Henderson’s health is tested as winning machine Altior digs deep to retain title
The latest number one against his name tells nothing like the whole story.
More than once it seemed this was the day when the glorious victory streak would come to an end. If we thought that, Altior plainly did not.
For the 18th consecutive race, and for the fourth time at the Cheltenham Festival, the supreme champion of two-mile chasing did the only thing he now knows how to do. He made us sweat and put his trainer through torment but he won.
For one horrible moment it appeared he might not even finish. The water jump is the smallest fence Cheltenham owns but it was where Altior made the biggest mistake of his life. Perhaps he was just teasing us, as perhaps he was teasing Sceau Royal when permitting him to race into the lead on the short run between the final two fences.
The situation looked precarious but no horse finishes a race as strongly as Altior. For that reason Patricia Pugh’s pride and joy is now a dual winner of the Betway Queen Mother Champion Chase.
He also shares the world record for consecutive successes over jumps, having equalled the mark set by another quadruple festival title holder, the mighty Big Buck’s. The workmanlike manner in which 17 wins became 18 might give hope to those who take him on at Sandown next month. Let them hope. Let the rest of us admire a superstar of our time.
“It’s almost like he doesn’t know how to lose,” said rider Nico de Boinville. But the prospect of losing stared trainer Nicky Henderson in the face as he watched the closing stages begin to unfold.
“The other horse looked to land running and he must have headed him,” said Henderson. “I thought, ‘Hells bells, we’ve got trouble here’, but it’s amazing how he picked up. He knew what he had to do.
“It was a cracking good race for everyone else. For me it was hell. It is seriously like hitting your head against a brick wall. The only nice bit is when it stops.”
De Boinville, whose mount was ultimately well on top of Politologue and Sceau Royal at the line, found the experience much less traumatic.
He explained: “You have to remember that when you’re riding you’re so in the moment you don’t have time to think about anything else. That’s why it’s good therapy, I suppose.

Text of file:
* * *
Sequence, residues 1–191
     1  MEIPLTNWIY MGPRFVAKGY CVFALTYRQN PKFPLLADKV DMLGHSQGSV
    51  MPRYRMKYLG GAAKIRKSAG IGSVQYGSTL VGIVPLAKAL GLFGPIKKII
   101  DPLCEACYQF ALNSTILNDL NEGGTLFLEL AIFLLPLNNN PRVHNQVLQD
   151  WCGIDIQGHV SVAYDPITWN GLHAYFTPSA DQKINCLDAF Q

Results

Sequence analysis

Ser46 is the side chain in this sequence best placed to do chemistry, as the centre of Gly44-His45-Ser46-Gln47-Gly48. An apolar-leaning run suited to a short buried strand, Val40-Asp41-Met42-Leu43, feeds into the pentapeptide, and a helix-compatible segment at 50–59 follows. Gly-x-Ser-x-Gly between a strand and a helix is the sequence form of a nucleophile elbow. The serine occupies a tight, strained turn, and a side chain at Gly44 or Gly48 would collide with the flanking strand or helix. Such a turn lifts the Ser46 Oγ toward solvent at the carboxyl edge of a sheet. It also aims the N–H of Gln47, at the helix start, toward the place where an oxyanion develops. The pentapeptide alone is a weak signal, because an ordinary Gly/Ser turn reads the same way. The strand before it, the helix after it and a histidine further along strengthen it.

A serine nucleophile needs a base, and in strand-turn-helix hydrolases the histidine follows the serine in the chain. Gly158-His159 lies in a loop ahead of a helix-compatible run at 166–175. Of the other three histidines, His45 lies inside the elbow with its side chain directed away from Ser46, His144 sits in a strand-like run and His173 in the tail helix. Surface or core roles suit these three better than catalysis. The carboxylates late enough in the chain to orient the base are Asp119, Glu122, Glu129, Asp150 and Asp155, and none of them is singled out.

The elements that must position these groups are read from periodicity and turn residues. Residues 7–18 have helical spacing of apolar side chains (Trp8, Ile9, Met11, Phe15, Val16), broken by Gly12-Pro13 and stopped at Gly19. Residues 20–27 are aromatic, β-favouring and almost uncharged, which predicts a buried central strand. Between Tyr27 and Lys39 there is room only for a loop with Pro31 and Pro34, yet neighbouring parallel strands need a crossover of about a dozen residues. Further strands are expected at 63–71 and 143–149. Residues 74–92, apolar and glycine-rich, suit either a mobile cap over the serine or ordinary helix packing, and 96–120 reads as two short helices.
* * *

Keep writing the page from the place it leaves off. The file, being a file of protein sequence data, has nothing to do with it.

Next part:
“I thought he’d always find that extra gear – and I always trust in that gear. I don’t know where it comes from. He’s a fantastic horse and has pulled it out of the fire again. He pulled up a tired horse but is phenomenal.
“Every race he runs seems to enhance his reputation. He goes from win to win. The winning streak he’s put up is incredible. He’s in the highest echelons of racehorses. I’m sure when I retire I’ll look back on these days and think, ‘Wow, that was fantastic’. I’ll have fond memories but we’ll keep kicking on.”
He and Henderson also have fond memories of Sprinter Sacre, whose own name is stamped twice on the Champion Chase roll of honour. One of the all-time greats had strolled around the Cheltenham paddock earlier in the day, no less gorgeous than when his exploits on the track made us fall head over heels in love.
“I don’t think I rode Sprinter Sacre at his peak, but I’m riding Altior at his peak, which means, for me, he’s the best I’ve ridden,” said De Boinville. For his boss, it may never be possible to rank the champion of now above the champion from then. Why should he ever have to?
“To have had two horses consecutively come into your life like Sprinter and Altior makes us very lucky people,” said Henderson.
“They’ve both done their bit for us – and I think for racing too. It’s lovely when people take to horses like that and they genuinely become public horses. We’re lucky to have them but they come with health warnings.”
On balance, though, Altior is surely good for the health. He most definitely makes the heart beat faster.